A new strain of ransomware first reported in August is now being seen in Canada, hitting at least four organizations here.

“I’m starting to see a certain type of ransomware called Ryuk targeting healthcare organizations,”  Canadian cyber security lawyer Imrad Ahmad told IT World Canada on Tuesday. “Typically ransomware locks up your system. This one actually exfiltrates data” as well.

Ahmad, a partner and national leader of the cybersecurity law practice at Miller Thomson LLP said his practice knows of four organizations in the past month alone that were hit. He wouldn’t say how many of the organizations had lost data.

Typically the ransom demanded was around 40 to 50 Bitcoin, he said, which at current value is roughly $34,000 to $42,00.

How each were infected isn’t clear yet,

In August the U.S. Department of Health and Human Services and Check Point Software issued alerts on this particular strain of ransomware.

The way attacks have been executed suggest the people behind it have researched their targets well, probably infiltrating networks before launching the ransomware, because they know where valuable data is. Check Point in the incidents it has seen Ryuk is only used in targeted attacks.

To maintain persistence Ryuk writes itself to the Windows Run registry key. The ransomware will kill more than 40 processes and stop more than 180 services from a list of predefined service and process names. Most belong to antivirus, database, backup and document editing software.

There are similarities between Ryuk and ransomware dubbed Hermes, seen first in the fall of 2017, by some researchers. That led Check Point to believe those behind Ryuk are either the same operators of the Hermes strain, or someone has got access to the Hermes source code. It then adds injected code for file encryption.

Protection tip

According to Check Point, it’s important to note that the malware will attempt to write a dummy file to the Windows directory, which would only be allowed with Admin privileges. This file will write two more files to a subfolder in the Windows directory, one of which contains an RSA Public key for encryption, and the second contains a hardcoded key. But if the creation of the first dummy file fails, the malware will sleep for a while and attempt the same another five times. If failure persists beyond these attempts, Ryuk will simply terminate.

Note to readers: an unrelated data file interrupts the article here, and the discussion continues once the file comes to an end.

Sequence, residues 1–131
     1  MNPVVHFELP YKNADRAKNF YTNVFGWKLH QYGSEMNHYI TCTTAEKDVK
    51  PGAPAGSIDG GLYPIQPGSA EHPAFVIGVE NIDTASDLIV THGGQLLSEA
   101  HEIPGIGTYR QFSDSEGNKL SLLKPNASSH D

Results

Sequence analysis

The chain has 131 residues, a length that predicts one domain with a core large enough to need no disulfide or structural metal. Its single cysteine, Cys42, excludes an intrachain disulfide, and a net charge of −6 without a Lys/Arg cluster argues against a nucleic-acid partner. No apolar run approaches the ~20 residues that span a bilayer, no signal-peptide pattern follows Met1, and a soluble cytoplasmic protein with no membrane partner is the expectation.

This is important because one of the ways to stop Ryuk is to make sure people with Windows administration privileges have to log in with complex passwords requiring multi-factor authentication.

Check Point said the Hermes strain is “commonly attributed” to the North Korean threat actors dubbed the Lazarus Group,

The U.S. government report included the following recommendations to infosec pros:

  • Firewall off SMB (server message block) port 445 for internal computers. If access to this service is required, it should be permitted only for those IP’s that require access. i.e. 445 is required for SCOM to push an agent install, therefore 445 should only be allowed from that source server;
  • Application blacklisting should be implemented to prevent the use of tools such as vssadmin.exe, cmd.exe, powershell.exe and similar;
  • File Integrity Monitoring should be considered and configured to monitor file creations in “trusted” locations such as the System32
    directory. This can also be used to monitor deletes, with an alert configured to fire on excessive deletes in a row;
  • Windows Security Event logs should be monitored to capture Scheduled Task creation events – Event ID 4698;
  • Registry Auditing should be enabled and monitored to capture any additions to
    HKLM\Software\Microsoft\Windows\CurrentVersion\Run;
  • Excessive use of known administrative privilege accounts should be alerted on – specifically in a “one to many” behavioral configuration.
    i.e. is one specific IP connecting to a large number of devices using the same credentials in a short period of time;
  • Ensure privileged accounts have a complex password that does not include any part of the username, or application it relates to.


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